Luke 14:12-14, Dinner Invitation Etiquette and the Grace of God

Last night while reading through Luke 14 with some Greek tutor students, I was struck by something Jesus said to the host of the dinner he attended. Jesus told him, “Whenever you should hold a meal or dinner, don’t invite your friends, brothers, relatives, or your wealthy neighbours since they might invite you in return, and you might be repaid” (v. 12). Instead, Jesus tells him to invite the crippled, the maimed, the blind, and the poor — those who have no means to repay the gift of hospitality (v. 13). Jesus declares to him that “you will be blessed because they do not have [the means] to repay you, for you will be repaid in the resurrection of the righteous” (v. 14).

This resembles exhortations Jesus gave elsewhere, such as Luke 6:32-36,

If you love those who love you, what credit is that to you? Even ‘sinners’ love those who love them.And if you do good to those who are good to you, what credit is that to you? Even ‘sinners’ do that.And if you lend to those from whom you expect repayment, what credit is that to you? Even ‘sinners’ lend to ‘sinners,’ expecting to be repaid in full. But love your enemies, do good to them, and lend to them without expecting to get anything back. Then your reward will be great, and you will be sons of the Most High, because he is kind to the ungrateful and wicked. Be merciful, just as your Father is merciful.

Or like Jesus’ instruction on acts of righteousness in Matthew 6:1-4,

Be careful not to do your ‘acts of righteousness’ before men, to be seen by them. If you do, you will have no reward from your Father in heaven. So when you give to the needy, do not announce it with trumpets, as the hypocrites do in the synagogues and on the streets, to be honored by men. I tell you the truth, they have received their reward in full. But when you give to the needy, do not let your left hand know what your right hand is doing, so that your giving may be in secret. Then your Father, who sees what is done in secret, will reward you.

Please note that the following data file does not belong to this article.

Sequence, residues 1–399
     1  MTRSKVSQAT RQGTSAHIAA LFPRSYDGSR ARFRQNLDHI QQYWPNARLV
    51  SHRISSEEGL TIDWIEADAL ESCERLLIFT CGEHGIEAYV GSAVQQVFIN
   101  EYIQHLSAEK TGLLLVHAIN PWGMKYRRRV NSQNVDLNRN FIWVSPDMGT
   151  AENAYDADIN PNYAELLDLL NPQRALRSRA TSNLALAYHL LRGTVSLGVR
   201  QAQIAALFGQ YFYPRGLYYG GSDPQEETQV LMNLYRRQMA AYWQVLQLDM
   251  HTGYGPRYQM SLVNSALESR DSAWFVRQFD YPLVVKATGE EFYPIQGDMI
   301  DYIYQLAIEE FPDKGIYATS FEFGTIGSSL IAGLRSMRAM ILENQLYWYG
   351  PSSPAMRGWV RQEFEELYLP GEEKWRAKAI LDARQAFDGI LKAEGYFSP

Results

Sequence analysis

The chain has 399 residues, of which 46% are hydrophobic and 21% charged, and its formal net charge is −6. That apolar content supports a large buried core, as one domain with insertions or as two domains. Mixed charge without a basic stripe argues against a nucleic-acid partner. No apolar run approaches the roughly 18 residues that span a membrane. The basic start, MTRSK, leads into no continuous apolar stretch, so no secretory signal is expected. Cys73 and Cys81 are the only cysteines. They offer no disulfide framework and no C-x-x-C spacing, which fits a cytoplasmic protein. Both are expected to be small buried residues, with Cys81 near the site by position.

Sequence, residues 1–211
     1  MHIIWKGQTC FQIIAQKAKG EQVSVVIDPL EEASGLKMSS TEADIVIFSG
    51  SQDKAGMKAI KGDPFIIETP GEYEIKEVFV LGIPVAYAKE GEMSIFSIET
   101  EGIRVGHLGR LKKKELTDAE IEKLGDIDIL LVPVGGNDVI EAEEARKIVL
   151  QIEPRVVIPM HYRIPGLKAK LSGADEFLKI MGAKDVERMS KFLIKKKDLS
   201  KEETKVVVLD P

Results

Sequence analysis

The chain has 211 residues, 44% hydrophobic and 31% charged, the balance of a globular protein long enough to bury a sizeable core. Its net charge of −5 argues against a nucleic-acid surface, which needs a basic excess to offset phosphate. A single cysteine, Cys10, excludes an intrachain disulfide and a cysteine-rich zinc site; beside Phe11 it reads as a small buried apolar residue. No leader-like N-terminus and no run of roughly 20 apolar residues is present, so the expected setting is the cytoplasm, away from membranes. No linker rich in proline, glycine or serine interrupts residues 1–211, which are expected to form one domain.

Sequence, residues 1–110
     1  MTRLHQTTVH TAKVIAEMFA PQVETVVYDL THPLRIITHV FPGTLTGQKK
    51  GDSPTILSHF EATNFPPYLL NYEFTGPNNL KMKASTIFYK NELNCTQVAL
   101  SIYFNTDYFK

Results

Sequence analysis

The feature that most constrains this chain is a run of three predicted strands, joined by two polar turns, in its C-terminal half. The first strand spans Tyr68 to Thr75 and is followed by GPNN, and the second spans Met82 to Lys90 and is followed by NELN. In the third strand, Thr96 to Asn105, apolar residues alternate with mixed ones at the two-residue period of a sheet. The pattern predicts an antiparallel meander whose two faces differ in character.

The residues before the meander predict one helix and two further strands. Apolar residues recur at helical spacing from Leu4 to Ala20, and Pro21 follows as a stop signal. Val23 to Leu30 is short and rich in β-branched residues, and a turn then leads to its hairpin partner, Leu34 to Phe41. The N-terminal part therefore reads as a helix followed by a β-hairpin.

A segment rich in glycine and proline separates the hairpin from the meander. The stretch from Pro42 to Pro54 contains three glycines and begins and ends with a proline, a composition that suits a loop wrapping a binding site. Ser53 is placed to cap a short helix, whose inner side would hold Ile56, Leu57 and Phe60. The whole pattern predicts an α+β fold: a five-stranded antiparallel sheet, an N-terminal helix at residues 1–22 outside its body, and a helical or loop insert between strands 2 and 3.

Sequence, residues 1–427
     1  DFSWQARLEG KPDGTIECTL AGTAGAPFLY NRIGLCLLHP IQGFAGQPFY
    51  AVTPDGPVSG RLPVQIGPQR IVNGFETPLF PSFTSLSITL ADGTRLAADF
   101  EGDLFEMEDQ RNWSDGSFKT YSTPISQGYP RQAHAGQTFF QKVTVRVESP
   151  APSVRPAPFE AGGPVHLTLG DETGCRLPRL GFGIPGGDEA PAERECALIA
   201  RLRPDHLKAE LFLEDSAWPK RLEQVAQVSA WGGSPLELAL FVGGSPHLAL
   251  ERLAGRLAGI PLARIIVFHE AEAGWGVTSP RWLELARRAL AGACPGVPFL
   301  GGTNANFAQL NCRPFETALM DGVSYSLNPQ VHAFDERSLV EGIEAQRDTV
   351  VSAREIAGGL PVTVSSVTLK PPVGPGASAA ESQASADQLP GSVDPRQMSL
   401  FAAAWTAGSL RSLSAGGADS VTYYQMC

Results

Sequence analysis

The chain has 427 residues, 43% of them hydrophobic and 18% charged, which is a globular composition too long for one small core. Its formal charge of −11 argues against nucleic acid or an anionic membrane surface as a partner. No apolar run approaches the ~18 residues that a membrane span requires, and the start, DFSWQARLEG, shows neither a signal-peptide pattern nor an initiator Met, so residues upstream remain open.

From Jesus’ words in Luke 14, it seems that there is no repayment (from God) for giving to those who have the means to give back to you. Repayment is received from the friend or relative or neighbour who does for you what you did for him. But God repays those who give out of grace with no hope of repayment. From the contexts of Luke 6 and Matthew 6, it is also clear that God rewards those who do these good things in secret rather than in plain view for the sake of a pat on the back, or the elevation of one’s status among his/her peers.

This is a big deal. Jesus wants us as his followers to be looking out for those who are truly down and out, to get our love working and acting in the real world. Inviting such people means also that your time is spent with them, and not only your food consumed by them. This isn’t just food-bank-filling. This is ministering truly and personally to those who have real need.

And in a very real way, this action is a picture of what God, in Jesus, already has done, and does each day, for us. He has given the gift of his love, his grace, his Fatherhood, his Son, the promise of his enduring presence — all things we can never repay. In this way in all of these passages, Jesus calls us to imitate the way the Father gives to us: out of grace.

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